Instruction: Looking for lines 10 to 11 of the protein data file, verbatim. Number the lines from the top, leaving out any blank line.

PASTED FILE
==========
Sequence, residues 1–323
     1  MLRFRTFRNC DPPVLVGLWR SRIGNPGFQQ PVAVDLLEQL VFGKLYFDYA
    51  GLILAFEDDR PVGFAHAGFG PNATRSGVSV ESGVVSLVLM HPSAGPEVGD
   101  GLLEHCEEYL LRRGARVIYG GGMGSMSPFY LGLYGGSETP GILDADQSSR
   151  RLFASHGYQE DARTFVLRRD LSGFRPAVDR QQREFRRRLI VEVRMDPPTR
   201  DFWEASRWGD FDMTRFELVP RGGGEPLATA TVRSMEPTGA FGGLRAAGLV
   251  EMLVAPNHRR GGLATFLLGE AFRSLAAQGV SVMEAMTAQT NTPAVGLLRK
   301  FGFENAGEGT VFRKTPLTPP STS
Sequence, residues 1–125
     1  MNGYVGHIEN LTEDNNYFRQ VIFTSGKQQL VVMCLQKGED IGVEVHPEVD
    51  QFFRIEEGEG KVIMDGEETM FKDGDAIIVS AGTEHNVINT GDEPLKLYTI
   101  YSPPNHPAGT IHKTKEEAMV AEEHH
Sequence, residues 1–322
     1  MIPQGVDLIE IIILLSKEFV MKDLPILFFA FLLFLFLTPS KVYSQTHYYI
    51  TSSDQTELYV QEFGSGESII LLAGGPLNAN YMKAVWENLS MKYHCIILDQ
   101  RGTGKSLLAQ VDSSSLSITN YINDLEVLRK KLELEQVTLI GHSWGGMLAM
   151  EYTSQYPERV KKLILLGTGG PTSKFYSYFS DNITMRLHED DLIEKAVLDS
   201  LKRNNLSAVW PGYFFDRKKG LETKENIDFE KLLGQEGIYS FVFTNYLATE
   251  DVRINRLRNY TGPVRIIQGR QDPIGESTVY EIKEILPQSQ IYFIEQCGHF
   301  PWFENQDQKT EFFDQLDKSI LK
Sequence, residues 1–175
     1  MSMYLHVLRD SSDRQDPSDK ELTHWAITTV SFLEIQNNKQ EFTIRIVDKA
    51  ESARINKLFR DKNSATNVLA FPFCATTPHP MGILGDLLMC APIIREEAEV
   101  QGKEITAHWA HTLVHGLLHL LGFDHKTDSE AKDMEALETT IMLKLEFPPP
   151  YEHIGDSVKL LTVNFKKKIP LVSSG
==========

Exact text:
     1  MNGYVGHIEN LTEDNNYFRQ VIFTSGKQQL VVMCLQKGED IGVEVHPEVD
    51  QFFRIEEGEG KVIMDGEETM FKDGDAIIVS AGTEHNVINT GDEPLKLYTI